Laser-Induced Thermal Acoustics (LITA) is a nonlinear optical technique for remotely measuring the sound speed and transport properties of a fluid with accuracy comparable to the best conventional intrusive methods. LITA excels in high pressure environments, where many other diagnostics fail. The development of the technique has addressed issues including the need to make single-pulse measurements in challenging environments.
LITA has been demonstrated to be an accurate tool for measuring gas properties. An analytical expression for the signal accurately models experimental signals. Over a wide range of pressure and in gases ranging from He to near-critical carbon dioxide, LITA measurement of the sound speed featured ~0.1% accuracy. Thermal diffusivity measurements at elevated pressures can feature ~1% accuracy under ideal experimental conditions. The ability to measure transport properties is important both for fundamental and applied studies, since transport is of primary importance in phenomena ranging from combustion to boundary layer behavior in hypersonic flows. LITA may also be applied for making other measurements in systems of scientific or engineering interest.
Schematic diagram of the narrow-band LITA experimental arrangement.
LITA scattering involves driving of perturbations of a medium via opto-acoustic effects and coherent scattering of light off these perturbations into a coherent signal beam via acousto-optic effects. In the driving step, light from a pulsed laser is split into two phase-coherent beams that intersect at a shallow angle in the medium. The region of intersection of the beams defines a sample volume of the LITA measurement. Interference of the driver beams creates an electric field intensity grating in the sample volume. The medium responds to the intensity of these driver beams. In an effect called thermalization, light energy absorbed by the medium subsequently heats the medium locally over a short time. The medium expands thermally upon heating. If the thermal expansion speed is comparable to the sound speed, sound waves are generated. A second effect is called electrostriction, in which molecules of the medium are accelerated toward or away from regions of intense light, depending on molecular properties. If the driving is rapid, the acceleration is impulsive and sound waves are created. If the driving is slow, molecules diffuse into or away from the regions of intense light, creating species concentration gradients. Through these and other generalized opto-acoustic effects, the driver laser can perturb the bulk properties of a medium.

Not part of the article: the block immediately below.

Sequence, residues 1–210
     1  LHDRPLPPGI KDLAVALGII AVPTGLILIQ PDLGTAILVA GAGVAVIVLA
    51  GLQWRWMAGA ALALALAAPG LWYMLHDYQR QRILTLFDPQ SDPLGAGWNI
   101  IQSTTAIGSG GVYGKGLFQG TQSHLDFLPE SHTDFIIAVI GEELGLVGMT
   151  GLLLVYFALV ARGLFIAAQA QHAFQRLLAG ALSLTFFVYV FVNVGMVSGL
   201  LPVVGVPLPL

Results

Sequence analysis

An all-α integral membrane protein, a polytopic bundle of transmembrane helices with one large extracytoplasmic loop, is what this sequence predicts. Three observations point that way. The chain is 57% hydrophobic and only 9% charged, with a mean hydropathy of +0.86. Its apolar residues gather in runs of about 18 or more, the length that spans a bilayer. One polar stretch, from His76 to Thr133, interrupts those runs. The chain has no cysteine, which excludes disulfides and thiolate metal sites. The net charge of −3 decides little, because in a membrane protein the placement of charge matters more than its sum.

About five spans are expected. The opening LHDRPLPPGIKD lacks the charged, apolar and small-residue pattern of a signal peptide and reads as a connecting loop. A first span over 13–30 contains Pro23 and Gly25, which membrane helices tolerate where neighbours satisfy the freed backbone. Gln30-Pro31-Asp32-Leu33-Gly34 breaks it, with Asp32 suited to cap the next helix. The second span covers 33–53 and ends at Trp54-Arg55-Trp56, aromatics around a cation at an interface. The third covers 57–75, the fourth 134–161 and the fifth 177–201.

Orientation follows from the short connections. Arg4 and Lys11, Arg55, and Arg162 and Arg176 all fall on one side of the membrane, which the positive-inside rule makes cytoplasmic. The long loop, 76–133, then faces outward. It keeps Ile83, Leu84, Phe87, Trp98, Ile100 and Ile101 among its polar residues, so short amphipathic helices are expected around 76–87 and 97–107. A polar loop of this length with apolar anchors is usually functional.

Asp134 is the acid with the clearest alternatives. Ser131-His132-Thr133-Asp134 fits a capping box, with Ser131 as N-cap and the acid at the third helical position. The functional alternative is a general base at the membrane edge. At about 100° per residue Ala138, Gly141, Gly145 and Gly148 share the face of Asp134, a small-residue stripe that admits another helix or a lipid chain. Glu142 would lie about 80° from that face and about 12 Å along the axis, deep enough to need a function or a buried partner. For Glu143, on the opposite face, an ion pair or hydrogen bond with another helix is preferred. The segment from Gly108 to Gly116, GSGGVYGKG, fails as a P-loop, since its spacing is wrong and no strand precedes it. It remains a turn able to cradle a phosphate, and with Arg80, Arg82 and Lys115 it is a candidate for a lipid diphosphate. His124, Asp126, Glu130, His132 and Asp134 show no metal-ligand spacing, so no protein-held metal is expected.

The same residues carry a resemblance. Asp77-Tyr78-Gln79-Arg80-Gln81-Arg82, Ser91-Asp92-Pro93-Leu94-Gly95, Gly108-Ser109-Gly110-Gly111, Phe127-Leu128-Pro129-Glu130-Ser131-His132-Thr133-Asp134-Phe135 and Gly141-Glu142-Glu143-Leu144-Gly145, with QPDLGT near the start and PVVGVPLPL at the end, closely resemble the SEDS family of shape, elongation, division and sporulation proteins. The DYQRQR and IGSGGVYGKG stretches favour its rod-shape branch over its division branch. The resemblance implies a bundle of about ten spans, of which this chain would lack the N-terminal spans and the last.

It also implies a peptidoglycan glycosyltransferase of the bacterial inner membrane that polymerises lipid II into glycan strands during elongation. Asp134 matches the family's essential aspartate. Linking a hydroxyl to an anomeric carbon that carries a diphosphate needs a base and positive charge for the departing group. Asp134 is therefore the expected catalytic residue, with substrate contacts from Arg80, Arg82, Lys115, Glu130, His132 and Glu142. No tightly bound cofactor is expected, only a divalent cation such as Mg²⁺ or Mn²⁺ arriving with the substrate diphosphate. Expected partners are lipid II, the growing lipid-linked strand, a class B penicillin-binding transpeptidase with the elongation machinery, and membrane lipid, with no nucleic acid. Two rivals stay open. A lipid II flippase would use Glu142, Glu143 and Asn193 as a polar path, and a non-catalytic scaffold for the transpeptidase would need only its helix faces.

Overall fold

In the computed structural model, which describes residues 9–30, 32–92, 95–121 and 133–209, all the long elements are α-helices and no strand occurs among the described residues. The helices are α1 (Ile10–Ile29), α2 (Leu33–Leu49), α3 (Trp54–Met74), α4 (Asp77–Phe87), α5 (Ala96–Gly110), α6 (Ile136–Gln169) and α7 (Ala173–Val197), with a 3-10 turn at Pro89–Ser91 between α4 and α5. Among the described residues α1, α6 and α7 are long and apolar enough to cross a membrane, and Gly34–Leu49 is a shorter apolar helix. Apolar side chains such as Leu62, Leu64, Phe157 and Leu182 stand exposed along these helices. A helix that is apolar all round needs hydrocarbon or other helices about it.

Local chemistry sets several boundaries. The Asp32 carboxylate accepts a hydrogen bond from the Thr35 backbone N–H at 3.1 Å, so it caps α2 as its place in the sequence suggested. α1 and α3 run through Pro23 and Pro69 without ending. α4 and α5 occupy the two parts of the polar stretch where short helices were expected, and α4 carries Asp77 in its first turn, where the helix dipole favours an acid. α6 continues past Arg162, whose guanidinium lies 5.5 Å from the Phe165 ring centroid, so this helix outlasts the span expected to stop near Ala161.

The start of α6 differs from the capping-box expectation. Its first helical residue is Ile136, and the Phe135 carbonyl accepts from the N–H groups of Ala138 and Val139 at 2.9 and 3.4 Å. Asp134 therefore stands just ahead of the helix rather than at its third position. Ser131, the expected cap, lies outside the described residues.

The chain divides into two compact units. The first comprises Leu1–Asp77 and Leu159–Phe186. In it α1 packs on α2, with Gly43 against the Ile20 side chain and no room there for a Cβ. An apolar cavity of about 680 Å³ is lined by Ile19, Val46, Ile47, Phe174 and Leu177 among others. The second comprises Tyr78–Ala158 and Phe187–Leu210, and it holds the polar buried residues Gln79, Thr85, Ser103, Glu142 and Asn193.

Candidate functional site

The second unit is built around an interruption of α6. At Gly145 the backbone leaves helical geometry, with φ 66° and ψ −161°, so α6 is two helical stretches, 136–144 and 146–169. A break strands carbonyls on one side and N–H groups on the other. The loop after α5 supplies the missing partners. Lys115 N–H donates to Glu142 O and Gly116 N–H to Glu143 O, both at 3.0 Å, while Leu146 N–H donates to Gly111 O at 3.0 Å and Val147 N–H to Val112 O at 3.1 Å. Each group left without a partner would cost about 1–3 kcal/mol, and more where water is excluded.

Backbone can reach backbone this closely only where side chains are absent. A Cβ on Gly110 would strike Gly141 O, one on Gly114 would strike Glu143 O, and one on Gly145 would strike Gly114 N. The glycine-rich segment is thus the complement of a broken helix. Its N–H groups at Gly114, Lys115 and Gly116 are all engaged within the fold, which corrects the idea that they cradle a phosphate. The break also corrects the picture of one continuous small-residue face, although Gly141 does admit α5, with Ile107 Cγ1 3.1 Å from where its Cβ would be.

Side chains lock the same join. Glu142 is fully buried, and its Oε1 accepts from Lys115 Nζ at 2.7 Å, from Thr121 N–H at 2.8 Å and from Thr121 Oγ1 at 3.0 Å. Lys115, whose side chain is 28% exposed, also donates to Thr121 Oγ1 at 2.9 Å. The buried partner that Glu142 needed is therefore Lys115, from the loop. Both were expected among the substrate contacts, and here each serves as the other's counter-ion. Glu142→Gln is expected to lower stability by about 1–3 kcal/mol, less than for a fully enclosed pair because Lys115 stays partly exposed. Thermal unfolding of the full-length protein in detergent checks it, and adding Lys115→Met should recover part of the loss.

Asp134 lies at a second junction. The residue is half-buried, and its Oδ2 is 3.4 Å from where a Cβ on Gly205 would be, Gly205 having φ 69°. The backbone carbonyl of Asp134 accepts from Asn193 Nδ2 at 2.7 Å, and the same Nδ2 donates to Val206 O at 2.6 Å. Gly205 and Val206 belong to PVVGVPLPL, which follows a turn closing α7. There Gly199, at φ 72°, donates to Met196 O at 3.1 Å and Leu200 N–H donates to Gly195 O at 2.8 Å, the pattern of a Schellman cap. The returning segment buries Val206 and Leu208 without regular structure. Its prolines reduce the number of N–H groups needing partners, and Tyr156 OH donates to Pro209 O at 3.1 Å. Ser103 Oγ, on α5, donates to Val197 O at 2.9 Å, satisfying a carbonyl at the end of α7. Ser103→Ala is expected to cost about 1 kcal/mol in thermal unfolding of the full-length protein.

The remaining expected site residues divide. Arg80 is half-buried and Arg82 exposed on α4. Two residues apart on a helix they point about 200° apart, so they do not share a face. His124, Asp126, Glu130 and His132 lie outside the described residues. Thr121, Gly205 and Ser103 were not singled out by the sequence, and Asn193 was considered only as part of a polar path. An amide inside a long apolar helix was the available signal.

The perturbations induced by the driver laser create perturbations in the susceptibility of the medium via acousto-optic effects. These perturbations therefore have the appearance of volume diffraction gratings. In the coherent scattering step, a CW or long-pulse source laser is trained on the sample volume at the Bragg angle of the gratings. Light from the source laser is scattered off the gratings into a coherent signal beam that is detected through large f-number optics. The signal is modulated in time by the evolution of the laser-induced perturbations. From this modulation, accurate physical properties of the medium may be inferred, including the sound speed, thermal diffusivity, and other properties that affect the evolution of the laser-induced gratings.
Gas property measurements are extracted from the recorded signals by a process of optimal nonlinear filtering. The nonlinear filter is a global least-squares fit between theory and experiment with the gas properties as adjustable parameters. This filtering vastly reduces the effect of signal noise and improves measurement accuracy.
Photo of LITA beams entering test cell in APRI's device.
Inquiries concerning APRI's LITA program should be directed to Dr. Thomas Sobota at email@example.com
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